57: Trip’s Folly; Building EA and Creating Madden

Trip Hawkins built Electronic Arts and created the most widespread and popular sports video game of all time, Madden. He pioneered the video game industry and is one of the most well known video game creators in the industry. Trip went on to start many more companies with various levels of success. He is a professor at UC-Santa Barbara now. In this episode:

  • Getting hooked on the idea of video games at an early age
  • Creating his own major at Harvard – Strategy and Applied Game Theory, and becoming a pioneer
  • Finding a mentor in Tom Schelling, Noble Prize Winner, at Harvard
  • Trailblazing his own path to learn more about computers and video games
  • Joining Steve Jobs’ team and working for Apple
  • Leaving Apple and launching Electronic Arts
  • The birth of EA Sports – Having the first ever celebrity, Dr.J, involved with making a video game; Dr. J and Larry Bird go 1-on-1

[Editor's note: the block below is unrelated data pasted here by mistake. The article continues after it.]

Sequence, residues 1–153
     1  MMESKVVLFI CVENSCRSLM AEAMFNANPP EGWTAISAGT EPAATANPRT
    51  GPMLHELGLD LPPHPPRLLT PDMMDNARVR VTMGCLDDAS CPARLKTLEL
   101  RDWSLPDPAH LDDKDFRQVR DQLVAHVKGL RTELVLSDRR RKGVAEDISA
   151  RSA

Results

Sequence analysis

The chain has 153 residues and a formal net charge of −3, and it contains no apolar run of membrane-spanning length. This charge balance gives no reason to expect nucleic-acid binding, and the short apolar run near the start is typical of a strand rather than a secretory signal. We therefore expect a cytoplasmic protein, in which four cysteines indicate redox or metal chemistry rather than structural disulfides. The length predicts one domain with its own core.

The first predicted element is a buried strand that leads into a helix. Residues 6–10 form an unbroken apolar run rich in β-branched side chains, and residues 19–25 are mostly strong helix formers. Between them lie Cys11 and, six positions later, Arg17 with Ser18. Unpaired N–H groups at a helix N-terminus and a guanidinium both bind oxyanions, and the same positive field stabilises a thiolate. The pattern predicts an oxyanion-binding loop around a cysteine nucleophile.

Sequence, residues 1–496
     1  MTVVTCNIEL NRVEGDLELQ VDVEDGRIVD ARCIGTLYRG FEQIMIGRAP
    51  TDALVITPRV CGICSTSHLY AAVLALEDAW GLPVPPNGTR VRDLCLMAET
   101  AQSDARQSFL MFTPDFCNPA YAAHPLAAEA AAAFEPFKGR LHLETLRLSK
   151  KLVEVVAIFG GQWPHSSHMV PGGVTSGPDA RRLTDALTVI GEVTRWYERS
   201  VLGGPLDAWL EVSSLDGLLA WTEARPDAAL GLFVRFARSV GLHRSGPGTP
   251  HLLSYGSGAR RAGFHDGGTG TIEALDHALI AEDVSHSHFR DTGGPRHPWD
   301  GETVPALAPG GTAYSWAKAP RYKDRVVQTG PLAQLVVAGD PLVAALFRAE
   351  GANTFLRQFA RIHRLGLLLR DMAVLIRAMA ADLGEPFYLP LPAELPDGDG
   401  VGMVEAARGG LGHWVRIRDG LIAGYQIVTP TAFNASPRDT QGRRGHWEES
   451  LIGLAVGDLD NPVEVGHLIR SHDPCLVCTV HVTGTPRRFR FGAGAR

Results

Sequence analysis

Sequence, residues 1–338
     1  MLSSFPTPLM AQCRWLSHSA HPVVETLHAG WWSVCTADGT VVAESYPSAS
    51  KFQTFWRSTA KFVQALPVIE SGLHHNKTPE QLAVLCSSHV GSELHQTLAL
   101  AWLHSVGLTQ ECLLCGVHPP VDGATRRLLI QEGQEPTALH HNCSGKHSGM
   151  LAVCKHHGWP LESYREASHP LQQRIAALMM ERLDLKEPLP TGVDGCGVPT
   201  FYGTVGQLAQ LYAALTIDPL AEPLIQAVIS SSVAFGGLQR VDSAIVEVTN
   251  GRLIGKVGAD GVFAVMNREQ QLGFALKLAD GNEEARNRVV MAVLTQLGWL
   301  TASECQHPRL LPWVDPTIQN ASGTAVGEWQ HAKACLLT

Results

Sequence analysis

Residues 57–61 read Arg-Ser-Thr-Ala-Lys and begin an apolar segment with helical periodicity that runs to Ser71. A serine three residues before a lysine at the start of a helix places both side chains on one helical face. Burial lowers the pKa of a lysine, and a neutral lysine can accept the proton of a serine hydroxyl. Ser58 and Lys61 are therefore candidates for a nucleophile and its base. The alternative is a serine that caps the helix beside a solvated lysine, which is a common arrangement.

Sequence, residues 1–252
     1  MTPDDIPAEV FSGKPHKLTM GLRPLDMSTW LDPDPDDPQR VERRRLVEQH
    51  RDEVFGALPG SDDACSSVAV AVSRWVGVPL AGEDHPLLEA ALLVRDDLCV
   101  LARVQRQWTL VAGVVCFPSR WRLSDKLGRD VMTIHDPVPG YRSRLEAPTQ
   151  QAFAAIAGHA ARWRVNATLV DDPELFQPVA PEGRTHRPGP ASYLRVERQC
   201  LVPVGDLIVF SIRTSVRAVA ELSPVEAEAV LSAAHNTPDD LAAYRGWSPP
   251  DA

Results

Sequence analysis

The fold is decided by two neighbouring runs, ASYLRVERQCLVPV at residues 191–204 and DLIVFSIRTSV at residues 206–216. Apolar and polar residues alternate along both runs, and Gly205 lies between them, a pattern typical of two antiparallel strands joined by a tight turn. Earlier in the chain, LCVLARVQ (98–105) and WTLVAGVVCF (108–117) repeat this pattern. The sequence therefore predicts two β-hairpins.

• Creating the most interactive sports game of all time – Madden football
  • How the biggest strength can become a blind spot and become the biggest weakness
  • Ego – the most potent part of the subconscious
  • Leaving EA, his first baby, behind and forming 3DO
  • Overcoming bankruptcy and the dissolve of 3DO
  • Finding gratitude in anything
  • Not tying yourself to an outcome or desire
  • Helping other technology startup entrepreneurs with his consulting practice
  • Why Tetrus and Fortnite have Trip’s utmost respect

You can find more information on Trip at https://tmp.ucsb.edu/about/people/trip-hawkins

56: Autistic Attorney with Haley Moss

Haley Moss is the first openly autistic person to pass the Florida BAR exam and become an attorney. She is now practicing healthcare law in Miami. In this episode: